Other international trips resulting in works of self-important "consciousness raising" and paltry attempts at satire include excursions to Mexico and England. During the former, Ellie tells a Tijuana slum resident that she's just like her because neither of them can cross the border into the United States. (Ellie was denied entry because a member of her entourage joked about having terrorist associations; play stupid games, win stupid prizes.) For the latter work, A Drunk Pandemic (2019-2020), Chim↑Pom manipulates the image of a real cholera victim so that she robotically bleats "A drunken pandemic has the most exquisite taste -- yay." Just after this display awaits Gold Experience (2012), a bouncy house in the shape of a giant black trash bag that visitors can enter, to "become" garbage rather than just producing it. These attempts at black humor are obvious and enervating, the kind of bad joke you only laugh at to help the teller save face and keep the party afloat. Of course, there is such a thing as gallows humor, but as the writer Alexandra Erin has pointed out, its success depends on the joker being the one on the gallows. If she's in the crowd, she's part of the execution. A major problem with Chim↑Pom is that it tends to play the role of executioner while trying to pass off the gallows itself as a joke -- or worse, as a work of art.

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A Street (2022) with Gold Experience (2012)/2022), installation view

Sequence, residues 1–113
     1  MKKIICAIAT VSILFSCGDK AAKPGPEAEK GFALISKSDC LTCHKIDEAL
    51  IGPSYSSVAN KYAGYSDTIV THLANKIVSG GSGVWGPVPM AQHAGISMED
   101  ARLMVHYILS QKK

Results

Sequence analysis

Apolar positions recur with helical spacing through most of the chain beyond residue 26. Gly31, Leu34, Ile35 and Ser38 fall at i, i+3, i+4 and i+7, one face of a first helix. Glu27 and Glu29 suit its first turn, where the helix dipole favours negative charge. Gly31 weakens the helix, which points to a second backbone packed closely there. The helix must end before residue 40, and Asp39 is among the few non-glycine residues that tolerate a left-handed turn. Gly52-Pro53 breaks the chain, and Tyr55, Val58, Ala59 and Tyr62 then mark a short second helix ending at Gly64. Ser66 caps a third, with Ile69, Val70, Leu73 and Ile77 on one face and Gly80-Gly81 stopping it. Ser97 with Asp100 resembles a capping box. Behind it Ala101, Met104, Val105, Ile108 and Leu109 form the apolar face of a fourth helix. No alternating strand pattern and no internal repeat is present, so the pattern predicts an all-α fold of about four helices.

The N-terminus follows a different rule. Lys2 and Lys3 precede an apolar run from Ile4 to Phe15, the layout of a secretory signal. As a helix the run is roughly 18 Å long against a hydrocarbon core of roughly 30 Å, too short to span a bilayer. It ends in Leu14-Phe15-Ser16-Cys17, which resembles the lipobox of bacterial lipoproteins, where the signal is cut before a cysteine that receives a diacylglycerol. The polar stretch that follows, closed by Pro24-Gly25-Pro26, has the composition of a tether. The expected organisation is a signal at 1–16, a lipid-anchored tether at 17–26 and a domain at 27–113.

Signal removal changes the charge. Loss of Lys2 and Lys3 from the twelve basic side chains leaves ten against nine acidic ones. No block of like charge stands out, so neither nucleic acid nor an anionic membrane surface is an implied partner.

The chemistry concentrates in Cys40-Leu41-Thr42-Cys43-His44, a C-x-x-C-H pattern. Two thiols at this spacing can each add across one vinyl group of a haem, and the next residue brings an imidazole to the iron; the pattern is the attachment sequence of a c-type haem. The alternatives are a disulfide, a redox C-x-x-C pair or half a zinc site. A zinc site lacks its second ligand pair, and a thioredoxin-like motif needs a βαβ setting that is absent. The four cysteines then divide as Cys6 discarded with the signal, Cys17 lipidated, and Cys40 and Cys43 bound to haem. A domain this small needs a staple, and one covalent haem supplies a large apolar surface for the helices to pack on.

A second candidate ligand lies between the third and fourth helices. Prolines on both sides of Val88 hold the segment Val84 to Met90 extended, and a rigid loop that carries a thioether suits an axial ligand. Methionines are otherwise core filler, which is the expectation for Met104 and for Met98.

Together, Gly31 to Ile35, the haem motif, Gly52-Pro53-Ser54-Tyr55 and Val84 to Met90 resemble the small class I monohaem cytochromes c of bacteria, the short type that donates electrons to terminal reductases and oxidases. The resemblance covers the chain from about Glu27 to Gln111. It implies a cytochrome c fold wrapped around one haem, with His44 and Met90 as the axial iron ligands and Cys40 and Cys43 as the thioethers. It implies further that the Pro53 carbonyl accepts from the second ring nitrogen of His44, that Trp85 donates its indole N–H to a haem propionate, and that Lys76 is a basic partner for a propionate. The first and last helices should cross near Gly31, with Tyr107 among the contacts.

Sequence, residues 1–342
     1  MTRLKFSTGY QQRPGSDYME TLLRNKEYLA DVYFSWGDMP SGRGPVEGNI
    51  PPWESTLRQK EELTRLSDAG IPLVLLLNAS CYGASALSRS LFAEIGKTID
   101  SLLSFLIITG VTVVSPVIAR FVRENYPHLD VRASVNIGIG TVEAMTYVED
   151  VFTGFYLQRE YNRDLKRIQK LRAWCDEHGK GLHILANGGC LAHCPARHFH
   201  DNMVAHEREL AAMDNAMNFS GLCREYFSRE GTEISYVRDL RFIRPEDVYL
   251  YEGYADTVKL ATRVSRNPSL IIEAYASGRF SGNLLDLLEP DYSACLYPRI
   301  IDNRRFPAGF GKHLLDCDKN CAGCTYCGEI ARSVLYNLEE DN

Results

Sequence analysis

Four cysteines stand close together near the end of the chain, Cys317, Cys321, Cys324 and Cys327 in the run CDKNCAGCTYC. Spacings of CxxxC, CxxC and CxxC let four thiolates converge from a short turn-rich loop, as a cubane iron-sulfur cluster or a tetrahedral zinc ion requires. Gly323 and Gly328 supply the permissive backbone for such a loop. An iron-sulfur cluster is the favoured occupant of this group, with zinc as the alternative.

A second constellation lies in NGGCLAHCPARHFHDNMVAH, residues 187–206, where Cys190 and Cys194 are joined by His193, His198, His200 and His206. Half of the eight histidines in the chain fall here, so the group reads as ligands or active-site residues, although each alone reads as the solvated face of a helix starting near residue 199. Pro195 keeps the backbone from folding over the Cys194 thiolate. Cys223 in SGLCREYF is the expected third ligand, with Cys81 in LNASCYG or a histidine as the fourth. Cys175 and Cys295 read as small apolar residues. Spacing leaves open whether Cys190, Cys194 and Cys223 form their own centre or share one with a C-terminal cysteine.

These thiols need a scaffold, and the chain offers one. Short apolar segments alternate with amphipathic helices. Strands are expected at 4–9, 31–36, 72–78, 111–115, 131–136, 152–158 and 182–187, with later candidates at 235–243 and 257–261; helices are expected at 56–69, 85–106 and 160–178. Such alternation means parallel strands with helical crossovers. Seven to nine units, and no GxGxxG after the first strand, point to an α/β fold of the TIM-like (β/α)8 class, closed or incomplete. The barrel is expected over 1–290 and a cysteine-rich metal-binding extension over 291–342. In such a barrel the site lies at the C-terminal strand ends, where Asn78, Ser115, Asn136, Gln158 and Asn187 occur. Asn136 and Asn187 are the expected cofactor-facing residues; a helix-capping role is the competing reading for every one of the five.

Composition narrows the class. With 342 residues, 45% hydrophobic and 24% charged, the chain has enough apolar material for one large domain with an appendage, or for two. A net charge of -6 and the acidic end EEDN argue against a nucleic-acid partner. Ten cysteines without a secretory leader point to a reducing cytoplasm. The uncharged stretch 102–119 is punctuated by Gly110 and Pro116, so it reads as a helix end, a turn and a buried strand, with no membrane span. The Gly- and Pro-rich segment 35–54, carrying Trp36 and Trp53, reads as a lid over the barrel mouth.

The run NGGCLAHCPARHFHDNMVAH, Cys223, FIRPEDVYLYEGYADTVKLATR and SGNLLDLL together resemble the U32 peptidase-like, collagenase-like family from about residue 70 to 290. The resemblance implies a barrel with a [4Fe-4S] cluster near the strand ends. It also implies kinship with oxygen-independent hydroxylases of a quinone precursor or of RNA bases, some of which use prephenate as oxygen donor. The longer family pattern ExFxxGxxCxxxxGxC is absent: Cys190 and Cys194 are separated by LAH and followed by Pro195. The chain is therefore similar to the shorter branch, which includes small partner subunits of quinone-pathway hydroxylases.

As I mentioned earlier, not everything Chim↑Pom does is terrible. The "May, 2020, Tokyo" segment of the exhibition displays interesting (and for Chim↑Pom, rather understated) billboards covered in cyanotype sensitizer to create "blueprints" of the city at the start of Tokyo's COVID-19 State of Emergency. In the same room, life-sized photographic cutouts of participants in Ellie's public wedding procession make for an energetic scene that conveys Chim↑Pom's knack for exploring the boundaries of public and private space. Another key work surveyed in the show is Street (2017-2018), a 200-meter asphalt road Chim↑Pom built to connect the inside and the outside of the National Taiwan Museum of Fine Arts. The group negotiated with officials to allow for protests and parties in this "alternative public space." MAM takes a stab at a new version of this installation with its own blacktop, A Street (2022). The pavement is again open to public projects, but contained within the museum this time, it feels sadly sanitized.

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Don't Follow the Wind (2015-) in Chim↑Pom: Happy Spring at Mori Art Museum (2022)